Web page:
RIGHT now, a network of Marine Protected Areas is being developed around our shores, with protection from the most damaging activities such as gravel extraction and scallop dredging.

Most types of fishing, commercial and recreational activity will still be allowed, but there will be some new marine reserves, called Reference Areas, which will be protected from all damaging activities, giving them a chance to return to the rich seas of our grandparents’ days.

These highly protected Reference Areas, small though they will be, are vital to the success of the network as a whole. They allow wildlife within them to return to a near-natural state, acting as benchmarks for understanding how human activities affect marine life, showing us what a healthy and undamaged sea is like – something we can hardly imagine at the moment.

Older Dorset residents remember seeing schools of harbour porpoise from Dorset’s cliffs and catching large angel shark and common skate, both of which are now critically endangered. We hope that by setting aside some areas of the sea purely for wildlife we will see a return to the marine environment our great-grandparents enjoyed.

Reference Areas (sometimes called No Take Zones or Highly Protected Marine Reserves) are a proven way of safeguarding important habitats and wildlife and result in significant increases in the number, variety and size of plants and animals within them.

In the tiny No Take Zone at Lundy Island in the Bristol Channel, after just four years there were over six times more lobsters within the zone than outside. A study on European marine reserves shows that on average there is over 21/2 times more marine life within them than was there before.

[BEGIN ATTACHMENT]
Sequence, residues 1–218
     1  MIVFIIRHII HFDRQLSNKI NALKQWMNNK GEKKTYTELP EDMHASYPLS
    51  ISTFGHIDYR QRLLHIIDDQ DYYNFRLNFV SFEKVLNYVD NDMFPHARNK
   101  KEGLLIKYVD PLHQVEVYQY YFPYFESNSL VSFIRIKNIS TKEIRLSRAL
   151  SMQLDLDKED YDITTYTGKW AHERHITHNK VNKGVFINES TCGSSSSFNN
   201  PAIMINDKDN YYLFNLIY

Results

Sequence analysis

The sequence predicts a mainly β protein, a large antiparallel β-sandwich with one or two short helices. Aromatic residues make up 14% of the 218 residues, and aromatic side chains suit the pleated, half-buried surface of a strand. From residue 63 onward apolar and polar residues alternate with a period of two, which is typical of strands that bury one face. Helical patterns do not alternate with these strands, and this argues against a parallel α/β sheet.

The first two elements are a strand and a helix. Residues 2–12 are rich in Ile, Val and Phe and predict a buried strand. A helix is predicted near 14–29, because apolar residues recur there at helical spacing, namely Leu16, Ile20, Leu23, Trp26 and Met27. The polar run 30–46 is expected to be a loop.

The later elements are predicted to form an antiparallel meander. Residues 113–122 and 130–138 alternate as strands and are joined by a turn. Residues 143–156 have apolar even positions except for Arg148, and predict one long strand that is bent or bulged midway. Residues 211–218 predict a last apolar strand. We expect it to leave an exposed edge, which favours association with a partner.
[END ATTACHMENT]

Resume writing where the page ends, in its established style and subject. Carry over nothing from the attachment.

As these areas reach capacity the burgeoning populations spill out into the surrounding sea. In such areas, where marine life is thriving, there is a built-in resilience, strengthening it against global pressures such as climate change, ocean acidification and pollution.

If we are to halt the centuries-long decline in our seas we need to establish Reference Areas that are purely for the recovery of wildlife. They will undoubtedly affect some people who use the sea for their living or recreation and tough decisions will be needed. But if we do nothing, no one will benefit, least of all our local Dorset fishing communities. If we don’t act now there will be very little for our grandchildren to enjoy.

To find out more about the campaign for Marine Protected Areas, including Reference Areas, both in Dorset and throughout the UK, visit wildlifetrusts.org and click on Living Seas. Look out for the Petition Fish campaign this summer at Dorset Wildlife Trust centres and events and sign a scale to show your support for marine wildlife. It’s now or never for the future of our seas!

A date for your diary: Saturday, May 14: Launch of Weymouth and Portland marine volunteers, from 10am to 1pm. Indoor session followed by seashore discovery on the beach.

Booking is essential so call 01929 481044 or email jhatcher@dorset wildlifetrust.org.uk for details.